It's been nearly eight years since 2K Czech, then known as Digital Illusions, released Mafia: The City of Lost Heaven for PC. It was released at a time when Rockstar's Grand Theft Auto III had turned the industry on its head, and it was similar enough to garner the attention of gamers because of it.
But it made a name for itself by carving its own niche -- a more realistic portrayal of a criminal lifestyle, a more streamlined narrative experience. All of this was set in a beautiful and impressive open world that was different enough from Rockstar's hit to turn heads.
Well over three years in development, Mafia II is hitting store shelves, and much has changed about about this particular genre over the past decade. Does 2K Czech prove itself as a contender once again, or does Mafia II fall short of gamers' expectations?
Mafia II (Xbox 360, PlayStation 3, PC)
The son of an Italian immigrant, Vito Scaletta lives in Empire City among the poor, his family struggling to make ends meet. What’s an Italian living in America during the 40s and 50s to do besides turn to a life of crime? More specifically, Vito hooks up with the Italian American mafia, working to make a name for himself and a few dollars in the process. But Mafia II is far form a rags to riches story, instead the tale of a young criminal whose ties to the underworld never really advance past that of mobster middle management. In many ways, the entire game mirrors this narrative, just good enough to get by, yet never truly shining bright enough to quite be called "Don."
Melee combat doesn’t fare so well, however, a three button, mash-a-combo system that seems shoehorned into the game simply to move along narrative in a few instances. Outside of these forced melee sections, you’ll almost never find yourself using it, and that’s fortunate -- it’s not a particularly fun or interesting diversion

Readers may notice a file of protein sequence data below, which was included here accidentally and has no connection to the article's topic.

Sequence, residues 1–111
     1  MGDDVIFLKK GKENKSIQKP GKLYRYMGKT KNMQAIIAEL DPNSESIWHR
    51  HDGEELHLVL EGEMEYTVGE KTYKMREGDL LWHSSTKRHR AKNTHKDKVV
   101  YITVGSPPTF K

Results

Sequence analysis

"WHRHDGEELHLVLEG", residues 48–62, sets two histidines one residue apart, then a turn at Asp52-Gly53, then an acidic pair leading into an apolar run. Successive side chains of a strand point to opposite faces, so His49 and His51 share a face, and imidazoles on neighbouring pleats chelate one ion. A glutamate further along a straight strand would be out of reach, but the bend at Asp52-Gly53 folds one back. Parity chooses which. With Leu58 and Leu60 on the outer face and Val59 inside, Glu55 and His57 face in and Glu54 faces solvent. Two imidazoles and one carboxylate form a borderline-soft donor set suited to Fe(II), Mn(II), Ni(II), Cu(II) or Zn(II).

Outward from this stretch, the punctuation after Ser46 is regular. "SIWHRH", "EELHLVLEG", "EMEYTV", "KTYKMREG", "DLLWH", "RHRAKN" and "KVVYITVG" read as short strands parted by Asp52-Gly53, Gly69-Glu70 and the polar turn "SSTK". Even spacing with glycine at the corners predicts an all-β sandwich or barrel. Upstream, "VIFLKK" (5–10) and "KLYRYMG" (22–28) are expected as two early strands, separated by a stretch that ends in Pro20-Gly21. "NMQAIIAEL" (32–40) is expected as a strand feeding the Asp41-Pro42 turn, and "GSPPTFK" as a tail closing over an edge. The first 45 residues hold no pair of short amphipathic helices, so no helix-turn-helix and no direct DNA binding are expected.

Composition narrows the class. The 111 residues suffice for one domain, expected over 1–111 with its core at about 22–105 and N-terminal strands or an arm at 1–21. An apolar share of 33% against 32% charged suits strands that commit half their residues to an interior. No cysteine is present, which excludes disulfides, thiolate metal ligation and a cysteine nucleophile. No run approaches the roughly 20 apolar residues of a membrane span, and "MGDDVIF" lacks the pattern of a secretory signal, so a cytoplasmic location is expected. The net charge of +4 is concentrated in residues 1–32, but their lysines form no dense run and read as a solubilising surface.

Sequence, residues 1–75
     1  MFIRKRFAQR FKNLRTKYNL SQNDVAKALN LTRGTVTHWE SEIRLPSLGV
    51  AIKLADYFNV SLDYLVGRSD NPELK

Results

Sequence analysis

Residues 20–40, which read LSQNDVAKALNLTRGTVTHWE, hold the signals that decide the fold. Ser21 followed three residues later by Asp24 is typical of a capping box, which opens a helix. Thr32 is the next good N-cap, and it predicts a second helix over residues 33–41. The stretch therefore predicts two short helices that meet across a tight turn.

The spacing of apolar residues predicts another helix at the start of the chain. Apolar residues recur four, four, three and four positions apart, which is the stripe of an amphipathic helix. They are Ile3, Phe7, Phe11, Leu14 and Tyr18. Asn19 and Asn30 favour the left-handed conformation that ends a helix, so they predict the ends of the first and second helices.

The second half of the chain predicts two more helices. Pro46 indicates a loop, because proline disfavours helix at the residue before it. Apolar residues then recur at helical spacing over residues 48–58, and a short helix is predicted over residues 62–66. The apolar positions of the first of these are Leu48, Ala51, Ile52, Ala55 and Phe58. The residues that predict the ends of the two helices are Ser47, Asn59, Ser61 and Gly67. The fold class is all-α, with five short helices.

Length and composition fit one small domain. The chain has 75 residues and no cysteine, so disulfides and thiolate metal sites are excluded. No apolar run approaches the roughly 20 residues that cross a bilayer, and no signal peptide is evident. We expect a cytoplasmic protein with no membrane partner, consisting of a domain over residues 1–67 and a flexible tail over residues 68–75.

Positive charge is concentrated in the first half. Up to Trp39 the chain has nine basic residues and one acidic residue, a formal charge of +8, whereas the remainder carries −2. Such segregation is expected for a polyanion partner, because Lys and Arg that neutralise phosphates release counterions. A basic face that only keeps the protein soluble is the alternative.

It needs to be made clear that despite taking place mostly in the open world of Empire City, Mafia II is not a sandbox game. Its linearity is intentional on the part of the developer, the story unfolding in a very specific manner from chapter to chapter. In a way, this is beneficial for folks who prefer to have the narrative fed to them deliberately, and it allows for the story to move at the pace in which the developer intended with no (arguably unnecessary) diversions. For some, Mafia II’s linearity may come as a welcome reprieve from the never-ending activity black holes of games like Saint’s Row 2 or Red Dead Redemption. But even given the intentions behind the game’s formal structure, it’s shockingly noticeable how little there is to do in Empire City.
For all of its disappointments, Mafia II isn’t a completely throwaway experience by any means. The story is well told, oftentimes even gripping and strikingly emotional, despite being a pastiche of mafia tales you’re likely already familiar with from other media. The game’s dialogue is also surprisingly well-delivered, with impactful and fitting voice work throughout. 2K Czech’s Illusion Engine is also the catalyst for some gorgeous environments, notably the beautiful 1940s snowfall seen in the first half of the game. The licensed soundtrack is also a rare gem, with classic tunes evocative of the era and characters; it definitely makes all of the time you’ll be spending driving cars noticeably more bearable, sometimes even enjoyable.
The PlayStation 3 Advantage
While for this review I played the game to its completion on the PlayStation 3, I spent some time with both the Xbox 360 and PC versions for comparison. It needs to be said up front that the PS3 version of Mafia II is the least visually impressive of the bunch, missing a number of subtle game effects that were pulled from the game, reportedly due to performance issues. With the right rig, you’ll get the best visual fidelity on the PC (the “PhysX” stuff, as usual, looks great), with the Xbox 360 version trailing slightly behind.
Score (Xbox 360, PC): 6.5 -- Alright (6s may be slightly above average or simply inoffensive. Fans of the genre should enjoy them a bit, but a fair few will be left unfulfilled.)
Score (PlayStation 3): 7.5 -- Good (7s are solid games that definitely have an audience. Might lack replay value, could be too short or there are some hard-to-ignore faults, but the experience is fun.)
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